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Driving Positive Impact within Business and Human Rights
A conversation with MIB alumna Kelly Liu on sustainable and socially responsible business
Kelly Liu can’t pick one thing she loves most about her job. Every day, she enjoys going to work.
Leading Cisco’s Supply Chain Human Rights and Worker Wellbeing program, Kelly Liu F16 advocates for workers rights by investigating how they’re vulnerable to different forms of labor exploitation and finding opportunities for them to thrive while working in Cisco’s supply chain. By aligning the corporate practices with the UN Guiding Principles on Business and Human Rights, she recognizes that sustainability and human rights are inherently entwined.
“Climate change is, at its heart, a social justice issue,” said Liu. “My job is to protect people so they can live with dignity, but there’s no point of that if they don’t have a planet to live on.”
Liu’s journey to the Fletcher School began in the Great Recession. Having earned her bachelor’s degree in marketing and nonprofit management in 2008, she felt her options in the nonprofit world were limited by the economic recession. After starting her career in marketing, she joined the Peace Corps in Botswana, where she worked closely with communities affected by HIV and AIDS. She credits her time in the Peace Corps for providing an intimate understanding of what makes people vulnerable to different issues; this experience illuminated the next steps in her career.
“I wanted to give people the opportunity to choose how to live their lives. I think the international development model can often be patronizing and patriarchal in determining what people should care about,” said Liu. “Social capital means a lot of different things in different cultures. People should have money in their pockets so they can decide what they want to spend it on. That’s why I pursued a career in the corporate supply-chain.”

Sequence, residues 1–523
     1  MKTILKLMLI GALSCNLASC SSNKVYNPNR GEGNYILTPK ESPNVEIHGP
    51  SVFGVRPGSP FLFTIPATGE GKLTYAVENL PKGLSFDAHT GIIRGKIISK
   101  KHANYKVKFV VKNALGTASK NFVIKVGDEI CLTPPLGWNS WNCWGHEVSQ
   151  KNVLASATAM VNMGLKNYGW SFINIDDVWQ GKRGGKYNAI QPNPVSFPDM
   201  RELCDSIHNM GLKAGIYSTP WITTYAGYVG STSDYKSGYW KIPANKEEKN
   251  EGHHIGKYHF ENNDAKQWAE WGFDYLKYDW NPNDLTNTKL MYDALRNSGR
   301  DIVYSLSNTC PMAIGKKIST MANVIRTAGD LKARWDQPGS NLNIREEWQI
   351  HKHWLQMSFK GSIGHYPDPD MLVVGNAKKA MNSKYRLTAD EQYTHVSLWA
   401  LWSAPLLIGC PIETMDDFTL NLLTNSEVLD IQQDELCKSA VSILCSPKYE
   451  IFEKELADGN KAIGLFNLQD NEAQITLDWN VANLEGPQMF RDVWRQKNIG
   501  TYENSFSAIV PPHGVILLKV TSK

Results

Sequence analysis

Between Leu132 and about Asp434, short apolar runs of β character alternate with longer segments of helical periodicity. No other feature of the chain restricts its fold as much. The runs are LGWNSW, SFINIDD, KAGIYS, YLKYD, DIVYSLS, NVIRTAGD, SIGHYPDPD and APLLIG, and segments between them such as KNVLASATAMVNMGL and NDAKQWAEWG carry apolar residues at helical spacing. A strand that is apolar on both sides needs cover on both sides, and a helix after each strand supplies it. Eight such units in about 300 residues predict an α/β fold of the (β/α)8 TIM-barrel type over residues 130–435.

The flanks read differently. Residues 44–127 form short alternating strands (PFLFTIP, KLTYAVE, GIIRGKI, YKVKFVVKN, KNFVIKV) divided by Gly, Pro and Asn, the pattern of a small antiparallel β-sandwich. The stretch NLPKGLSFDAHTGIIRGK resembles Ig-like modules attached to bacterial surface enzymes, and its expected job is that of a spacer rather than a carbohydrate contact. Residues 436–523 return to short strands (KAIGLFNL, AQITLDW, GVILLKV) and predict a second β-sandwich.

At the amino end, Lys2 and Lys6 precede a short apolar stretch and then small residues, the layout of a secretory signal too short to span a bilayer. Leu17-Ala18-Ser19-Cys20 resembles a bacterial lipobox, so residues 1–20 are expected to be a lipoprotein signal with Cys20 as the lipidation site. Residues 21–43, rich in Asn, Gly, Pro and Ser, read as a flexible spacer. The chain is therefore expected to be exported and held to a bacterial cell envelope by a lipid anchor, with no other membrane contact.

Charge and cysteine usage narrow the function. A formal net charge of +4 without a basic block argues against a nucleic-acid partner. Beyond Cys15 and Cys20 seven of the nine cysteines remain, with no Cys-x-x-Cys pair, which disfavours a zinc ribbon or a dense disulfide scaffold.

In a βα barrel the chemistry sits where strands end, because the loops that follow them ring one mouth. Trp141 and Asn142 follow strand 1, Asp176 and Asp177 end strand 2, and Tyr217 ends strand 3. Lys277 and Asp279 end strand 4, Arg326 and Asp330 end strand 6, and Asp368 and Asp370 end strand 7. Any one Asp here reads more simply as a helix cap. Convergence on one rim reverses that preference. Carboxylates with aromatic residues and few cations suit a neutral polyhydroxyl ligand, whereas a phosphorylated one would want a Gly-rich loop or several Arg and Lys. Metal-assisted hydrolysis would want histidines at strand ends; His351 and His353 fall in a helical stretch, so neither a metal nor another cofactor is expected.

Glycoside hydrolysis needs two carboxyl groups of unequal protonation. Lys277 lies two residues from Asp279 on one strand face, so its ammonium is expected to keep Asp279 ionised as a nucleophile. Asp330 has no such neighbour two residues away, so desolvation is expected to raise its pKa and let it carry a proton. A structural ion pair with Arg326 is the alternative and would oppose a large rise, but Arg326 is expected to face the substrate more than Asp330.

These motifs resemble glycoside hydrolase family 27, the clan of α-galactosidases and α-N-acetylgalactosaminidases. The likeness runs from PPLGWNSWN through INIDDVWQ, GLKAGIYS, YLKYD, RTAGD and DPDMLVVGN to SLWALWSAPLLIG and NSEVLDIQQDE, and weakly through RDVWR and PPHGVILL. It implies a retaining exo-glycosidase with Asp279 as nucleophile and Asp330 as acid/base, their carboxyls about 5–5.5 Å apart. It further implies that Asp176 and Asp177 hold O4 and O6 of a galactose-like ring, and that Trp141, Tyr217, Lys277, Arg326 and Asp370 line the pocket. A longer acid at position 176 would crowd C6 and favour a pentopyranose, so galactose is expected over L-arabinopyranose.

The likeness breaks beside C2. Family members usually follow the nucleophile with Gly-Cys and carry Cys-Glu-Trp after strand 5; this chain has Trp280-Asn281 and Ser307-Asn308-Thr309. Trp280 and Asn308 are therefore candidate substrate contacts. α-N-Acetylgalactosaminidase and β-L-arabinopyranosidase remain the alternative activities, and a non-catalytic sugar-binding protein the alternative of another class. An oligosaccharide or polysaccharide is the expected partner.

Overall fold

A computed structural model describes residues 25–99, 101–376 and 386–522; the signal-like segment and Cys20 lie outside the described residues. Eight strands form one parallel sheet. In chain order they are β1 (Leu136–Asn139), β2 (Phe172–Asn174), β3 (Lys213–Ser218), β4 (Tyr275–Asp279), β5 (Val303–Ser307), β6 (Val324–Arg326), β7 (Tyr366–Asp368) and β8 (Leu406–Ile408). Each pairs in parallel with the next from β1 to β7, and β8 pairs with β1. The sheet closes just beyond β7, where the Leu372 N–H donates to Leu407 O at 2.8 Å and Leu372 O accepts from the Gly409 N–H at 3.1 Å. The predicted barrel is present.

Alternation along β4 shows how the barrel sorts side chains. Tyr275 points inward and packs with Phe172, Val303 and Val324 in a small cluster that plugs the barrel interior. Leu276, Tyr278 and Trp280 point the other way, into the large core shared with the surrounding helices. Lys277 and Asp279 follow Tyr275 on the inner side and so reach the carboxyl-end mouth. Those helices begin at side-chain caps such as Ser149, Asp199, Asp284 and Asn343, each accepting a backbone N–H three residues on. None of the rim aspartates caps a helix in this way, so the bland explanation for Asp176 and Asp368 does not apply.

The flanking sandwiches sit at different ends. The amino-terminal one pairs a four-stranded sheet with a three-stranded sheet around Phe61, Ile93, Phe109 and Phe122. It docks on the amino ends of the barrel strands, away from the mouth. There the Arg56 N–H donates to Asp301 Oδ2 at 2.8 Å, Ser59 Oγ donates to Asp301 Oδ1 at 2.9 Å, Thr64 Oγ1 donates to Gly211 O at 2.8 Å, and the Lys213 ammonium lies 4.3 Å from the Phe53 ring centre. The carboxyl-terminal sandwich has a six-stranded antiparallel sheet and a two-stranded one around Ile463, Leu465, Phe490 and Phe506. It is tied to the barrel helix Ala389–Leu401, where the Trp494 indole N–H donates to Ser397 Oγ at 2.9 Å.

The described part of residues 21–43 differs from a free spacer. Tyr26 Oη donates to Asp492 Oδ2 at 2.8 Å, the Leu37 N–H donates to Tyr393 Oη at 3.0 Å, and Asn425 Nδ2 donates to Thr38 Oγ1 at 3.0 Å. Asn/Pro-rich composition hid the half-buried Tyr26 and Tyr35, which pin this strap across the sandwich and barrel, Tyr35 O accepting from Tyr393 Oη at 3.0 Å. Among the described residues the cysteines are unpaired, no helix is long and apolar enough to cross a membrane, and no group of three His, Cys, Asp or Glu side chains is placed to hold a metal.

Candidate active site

Following a short stint at Oxfam, the dots connected Liu to Fletcher during a trip to Cambodia. “I really wanted to focus on market-based solutions for people at the base of the pyramid. I was not planning on going back to grad school, and then I found out about the Fletcher School and realized I needed to go back to this grad school to work on this.”
She heard about Fletcher in August of 2013, took the GMAT and applied in October, and subsequently enrolled in the first class of Januarians in 2014.
While the MIB curriculum shaped Liu’s perspective on business as a vehicle for social good, her experiences outside of the classroom were equally formative. Taking advantage of two Januarian summers, Liu interned her first year with Dean Bhaskar Chakravorti, supporting research on sustainable and inclusive business practices in multinational companies. Building off of this work, Liu attended the Sustainable Brands conference, where she met someone at EMC familiar with Fletcher. One thing led to the next, and she began a job she hadn’t known existed with an internship in responsible sourcing. Eight years later, she’s still in the field, advocating for people’s rights within supply chains.
Part of the joy Liu finds in her work comes from her core beliefs, developed through a career in sustainable and ethical business.
“Business should be able to catalyze positive change. On the one hand, a lot of businesses look at human rights issues as a risk,” she said. In practice, this means that companies seek to do no harm and ensure, at a base level, that their supply chain is not exploiting people. Beyond this comes the consideration of how the supply chain allows people to live and work with dignity. However, Liu sees another problem at the core.
“Sometimes companies look at how human rights impacts their supply chain when in reality, in the UN Guiding Principles on Business and Human Rights, we should be looking at how business impacts human rights and how the actions and decisions of business impact human rights,” said Liu.
“If all businesses were looking at it that way, I think things would be different. We’re already down this road—the multinational corporation is structured the way it is, supply chains are structured the way they are—it's difficult to back-correct within a very complex system, and that’s much harder than building a system that doesn’t have a race to the bottom implicitly built in,” she added.
If you ask Liu what her favorite part of her job is, she’ll identify two things: The times when her team is able to pause and see how many rightsholders they’ve impacted. And, recognizing the scale of the challenges with labor and human rights, Liu also relishes every opportunity to collaborate across sectors with peers in her role at other companies. By working together, they can strive to address systemic issues.
“No one company can change the world. It relies on the collaboration of many companies to align the big decisions, to improve working conditions and human rights outcomes,” she said. “That cross-collaboration is incredibly valuable to driving progress.”
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